U.S. Staff Sergeant Kendrick Manuel swung his rifle over his shoulder and grumbled about being viewed as a “non-combat” soldier in Iraq.
“When NBC talked about the last combat troops are gone, they made it sound like everything is basically over,” he said, after escorting a 19-truck convoy through a part of northern Iraq where roadside bombs and mortar attacks are still a danger.
“To us it was like a slap in the face, because we are still here … we are still going in harm’s way every time we leave out of the gate,” Manuel said at a U.S. military base, Camp Speicher, near Saddam Hussein’s home town of Tikrit.
On August 31, the U.S. military formally declared an end to its combat mission in Iraq, 7-1/2 years after the invasion that removed Saddam and led to sectarian warfare and a fierce insurgency in which tens of thousands of Iraqis were killed. More than 4,400 U.S. soldiers have been killed since 2003.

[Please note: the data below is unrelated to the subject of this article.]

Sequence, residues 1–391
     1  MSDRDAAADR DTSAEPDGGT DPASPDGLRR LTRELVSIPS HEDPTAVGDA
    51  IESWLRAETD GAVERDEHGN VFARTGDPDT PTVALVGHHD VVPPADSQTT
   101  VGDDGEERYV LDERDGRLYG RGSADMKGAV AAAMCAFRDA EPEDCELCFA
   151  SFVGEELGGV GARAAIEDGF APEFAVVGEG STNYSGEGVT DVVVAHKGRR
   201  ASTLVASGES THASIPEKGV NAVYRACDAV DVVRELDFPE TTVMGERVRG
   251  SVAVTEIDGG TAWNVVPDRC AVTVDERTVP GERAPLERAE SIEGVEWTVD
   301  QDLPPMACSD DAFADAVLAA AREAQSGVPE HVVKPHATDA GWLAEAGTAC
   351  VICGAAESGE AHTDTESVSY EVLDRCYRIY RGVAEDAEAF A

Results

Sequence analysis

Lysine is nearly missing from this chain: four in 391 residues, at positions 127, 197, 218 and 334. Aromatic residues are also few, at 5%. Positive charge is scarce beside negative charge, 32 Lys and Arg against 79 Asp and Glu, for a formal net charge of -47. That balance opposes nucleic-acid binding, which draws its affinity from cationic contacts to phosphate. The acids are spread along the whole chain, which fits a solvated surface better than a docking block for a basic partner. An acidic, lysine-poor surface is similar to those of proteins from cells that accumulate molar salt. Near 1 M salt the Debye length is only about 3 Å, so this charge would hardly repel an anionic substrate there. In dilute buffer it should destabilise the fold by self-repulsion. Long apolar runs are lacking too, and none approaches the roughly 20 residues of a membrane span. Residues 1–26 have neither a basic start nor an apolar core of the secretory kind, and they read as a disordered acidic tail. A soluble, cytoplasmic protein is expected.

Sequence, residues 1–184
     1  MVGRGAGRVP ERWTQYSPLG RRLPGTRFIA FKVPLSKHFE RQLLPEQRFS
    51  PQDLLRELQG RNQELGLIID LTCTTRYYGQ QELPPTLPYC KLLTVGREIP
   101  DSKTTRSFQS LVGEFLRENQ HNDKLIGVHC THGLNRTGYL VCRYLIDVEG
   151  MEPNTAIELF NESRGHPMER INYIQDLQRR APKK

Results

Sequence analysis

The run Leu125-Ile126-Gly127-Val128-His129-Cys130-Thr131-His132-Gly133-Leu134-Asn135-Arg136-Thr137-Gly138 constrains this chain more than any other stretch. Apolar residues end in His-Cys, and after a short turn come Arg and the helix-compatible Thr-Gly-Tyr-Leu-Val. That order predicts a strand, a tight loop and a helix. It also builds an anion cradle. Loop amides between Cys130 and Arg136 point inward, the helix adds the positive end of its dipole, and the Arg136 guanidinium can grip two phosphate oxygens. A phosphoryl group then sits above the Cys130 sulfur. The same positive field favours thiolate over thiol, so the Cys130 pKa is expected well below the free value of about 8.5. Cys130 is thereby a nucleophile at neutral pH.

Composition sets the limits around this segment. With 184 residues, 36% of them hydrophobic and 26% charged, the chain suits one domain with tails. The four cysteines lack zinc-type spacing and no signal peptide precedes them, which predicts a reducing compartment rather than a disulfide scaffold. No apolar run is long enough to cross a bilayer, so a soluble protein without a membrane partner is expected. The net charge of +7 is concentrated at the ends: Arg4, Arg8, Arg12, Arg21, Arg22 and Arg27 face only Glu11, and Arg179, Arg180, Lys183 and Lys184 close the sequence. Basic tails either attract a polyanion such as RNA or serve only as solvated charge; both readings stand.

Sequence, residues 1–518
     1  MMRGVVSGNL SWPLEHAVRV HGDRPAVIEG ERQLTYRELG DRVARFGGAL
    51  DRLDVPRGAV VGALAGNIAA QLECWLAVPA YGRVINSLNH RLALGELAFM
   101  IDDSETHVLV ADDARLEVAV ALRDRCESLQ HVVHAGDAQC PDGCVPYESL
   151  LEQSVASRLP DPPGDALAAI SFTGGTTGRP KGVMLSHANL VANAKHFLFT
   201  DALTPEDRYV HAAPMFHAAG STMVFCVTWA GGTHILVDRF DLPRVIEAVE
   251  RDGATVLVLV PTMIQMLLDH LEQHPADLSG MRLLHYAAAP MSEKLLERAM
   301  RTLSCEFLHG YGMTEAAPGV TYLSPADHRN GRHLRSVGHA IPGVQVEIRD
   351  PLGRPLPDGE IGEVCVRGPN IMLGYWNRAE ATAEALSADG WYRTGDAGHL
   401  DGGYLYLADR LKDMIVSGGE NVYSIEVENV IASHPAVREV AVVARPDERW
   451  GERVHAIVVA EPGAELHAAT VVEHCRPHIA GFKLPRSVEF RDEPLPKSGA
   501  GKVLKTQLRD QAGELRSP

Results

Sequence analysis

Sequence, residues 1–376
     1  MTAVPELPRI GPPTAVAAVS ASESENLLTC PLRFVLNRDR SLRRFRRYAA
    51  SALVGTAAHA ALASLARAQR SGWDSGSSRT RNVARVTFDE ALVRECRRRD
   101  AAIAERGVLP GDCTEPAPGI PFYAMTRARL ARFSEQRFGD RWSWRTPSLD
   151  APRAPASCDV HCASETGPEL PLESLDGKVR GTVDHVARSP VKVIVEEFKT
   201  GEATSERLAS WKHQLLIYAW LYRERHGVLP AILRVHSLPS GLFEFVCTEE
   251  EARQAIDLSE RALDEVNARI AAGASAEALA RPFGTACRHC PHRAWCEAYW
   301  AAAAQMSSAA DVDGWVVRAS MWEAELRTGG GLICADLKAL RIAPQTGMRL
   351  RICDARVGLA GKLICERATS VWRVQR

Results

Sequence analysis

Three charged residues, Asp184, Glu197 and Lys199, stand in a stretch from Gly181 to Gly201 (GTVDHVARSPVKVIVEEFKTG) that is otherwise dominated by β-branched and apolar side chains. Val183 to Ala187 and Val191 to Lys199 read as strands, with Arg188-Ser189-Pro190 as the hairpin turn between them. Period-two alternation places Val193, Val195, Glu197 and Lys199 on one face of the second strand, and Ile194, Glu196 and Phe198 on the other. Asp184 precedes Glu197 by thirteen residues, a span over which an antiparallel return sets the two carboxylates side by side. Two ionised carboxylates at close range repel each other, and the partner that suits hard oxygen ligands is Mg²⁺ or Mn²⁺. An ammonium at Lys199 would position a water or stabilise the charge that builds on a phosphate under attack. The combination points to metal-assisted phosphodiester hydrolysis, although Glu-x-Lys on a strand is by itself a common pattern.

U.S. networks such as NBC showed what the U.S. military labeled the last combat brigade rumbling into Kuwait. Soldiers whooped and shouted on camera that the war was over.
Yet, there are still six brigades made up of 50,000 troops in Iraq, ahead of a full withdrawal at the end of 2011. Their focus is to assist and advise their Iraqi counterparts, not lead the fight against insurgents, but they remain heavily armed and face frequent threats.
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I have a friend that is part of the six brigades that are still in Iraq. His feelings are similar to that of SSGT Manuel quoted above. He says it’s a lot of media hype and propaganda, and things on the ground over there have not really changed at all. I look forward to the date that all our soldiers come home safe and sound.